Archive for the ‘Inhofe’ Category

Stimulus: “93% spending and only 7% stimulation”

February 7, 2009

U.S. Senator James Inhofe (R-Okla.), issued the following statement tonight after the announcement of a compromise on the Senate stimulus bill.

“While I appreciate the efforts of my colleagues to bring down the price tag of this bill, the fact is we still face a trillion dollar spending bill. Making it worse, the bill is 93% spending and only 7% stimulation. Over the past few days I have fought to include more in the way of real stimulus through higher percentage of infrastructure and defense spending, while working to cut much of the typical government waste often found in a bill of this size. Yet Democrats have blocked these efforts.

“The good news tonight is that the American people are catching on to the fact that this is the largest spending bill in history and are becoming more and more vocal in their opposition. My offices in Oklahoma and Washington DC have been flooded with emails, phone calls and faxes overwhelmingly opposed to this trillion dollar legislation. They can rest assured that my vote remains an unwavering ‘no.'”

Stimulus: Fast Action Kills Discussion for Biggest Spending Bill Ever

January 28, 2009

“I’ve been around long enough to know whenever someone tells me I have to make a decision right now, my response is no,” Senator Jim DeMint (R-SC) said. “That clears it up right away and I think more and more the Bush administration and now this administration knows that they’re not going to get a quick reaction out of Congress unless they create crisis and widespread panic. And that’s going to be their M.O. to get Congress to act.”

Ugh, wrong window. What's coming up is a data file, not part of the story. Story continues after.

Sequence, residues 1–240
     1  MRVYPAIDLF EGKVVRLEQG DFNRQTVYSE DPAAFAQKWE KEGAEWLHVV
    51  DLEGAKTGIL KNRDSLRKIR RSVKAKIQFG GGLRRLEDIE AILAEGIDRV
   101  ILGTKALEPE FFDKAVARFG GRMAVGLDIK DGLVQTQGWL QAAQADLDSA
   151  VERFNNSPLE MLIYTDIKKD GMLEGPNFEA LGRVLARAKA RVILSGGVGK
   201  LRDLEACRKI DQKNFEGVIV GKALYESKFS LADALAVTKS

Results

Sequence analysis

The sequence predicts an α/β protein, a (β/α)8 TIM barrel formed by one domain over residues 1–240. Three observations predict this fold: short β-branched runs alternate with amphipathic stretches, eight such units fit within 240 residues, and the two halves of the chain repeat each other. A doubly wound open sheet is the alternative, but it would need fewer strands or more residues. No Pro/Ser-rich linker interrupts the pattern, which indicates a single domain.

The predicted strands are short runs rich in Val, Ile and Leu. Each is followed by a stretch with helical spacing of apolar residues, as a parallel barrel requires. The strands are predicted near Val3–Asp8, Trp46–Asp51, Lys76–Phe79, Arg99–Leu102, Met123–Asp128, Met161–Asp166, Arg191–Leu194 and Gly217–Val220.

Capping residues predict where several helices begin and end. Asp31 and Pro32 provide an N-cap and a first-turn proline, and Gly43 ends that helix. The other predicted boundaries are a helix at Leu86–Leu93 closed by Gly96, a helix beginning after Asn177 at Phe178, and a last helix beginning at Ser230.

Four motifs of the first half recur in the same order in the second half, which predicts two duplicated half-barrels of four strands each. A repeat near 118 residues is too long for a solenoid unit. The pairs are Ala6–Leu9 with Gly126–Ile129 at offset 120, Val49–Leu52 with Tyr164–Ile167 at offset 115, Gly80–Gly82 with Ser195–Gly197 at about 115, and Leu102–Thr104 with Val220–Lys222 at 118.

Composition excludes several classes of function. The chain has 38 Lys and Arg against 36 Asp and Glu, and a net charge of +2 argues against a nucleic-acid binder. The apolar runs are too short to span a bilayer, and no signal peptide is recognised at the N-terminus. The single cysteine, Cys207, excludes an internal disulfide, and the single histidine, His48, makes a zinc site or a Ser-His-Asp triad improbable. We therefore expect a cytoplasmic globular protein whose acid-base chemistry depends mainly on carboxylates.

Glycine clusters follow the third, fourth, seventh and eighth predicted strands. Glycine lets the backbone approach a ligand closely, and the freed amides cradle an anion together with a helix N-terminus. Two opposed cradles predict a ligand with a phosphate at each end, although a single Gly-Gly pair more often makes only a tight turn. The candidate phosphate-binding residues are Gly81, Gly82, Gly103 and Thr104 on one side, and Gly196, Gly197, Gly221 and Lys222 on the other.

By Jeff Poor
Business & Media Institute

Another senator, James Inhofe, R-Okla., explained the Bush administration used a similar tactic, under the direction of former Treasury Secretary Henry Paulson, to get the $700-billion TARP bailout bill passed by Congress back on Oct. 4, 2008.

 

DeMint said some Republicans now regret they voted for the TARP package, even though there is no way to gauge what might have happened had it not been passed.

 

“I think there’s a lot of buyer’s remorse among Republicans who voted for the bailouts of all kinds last year,” DeMint said. “And, it’s hard to prove that, some of them are saying, ‘It didn’t work out so well, but it’d been a lot worse if we hadn’t.’ It’s hard, it’s hard to argue that unless you know anything about how business works.”

The the entire article and see the video:
http://businessandmedia.org/articles/2009/
20090127165919.aspx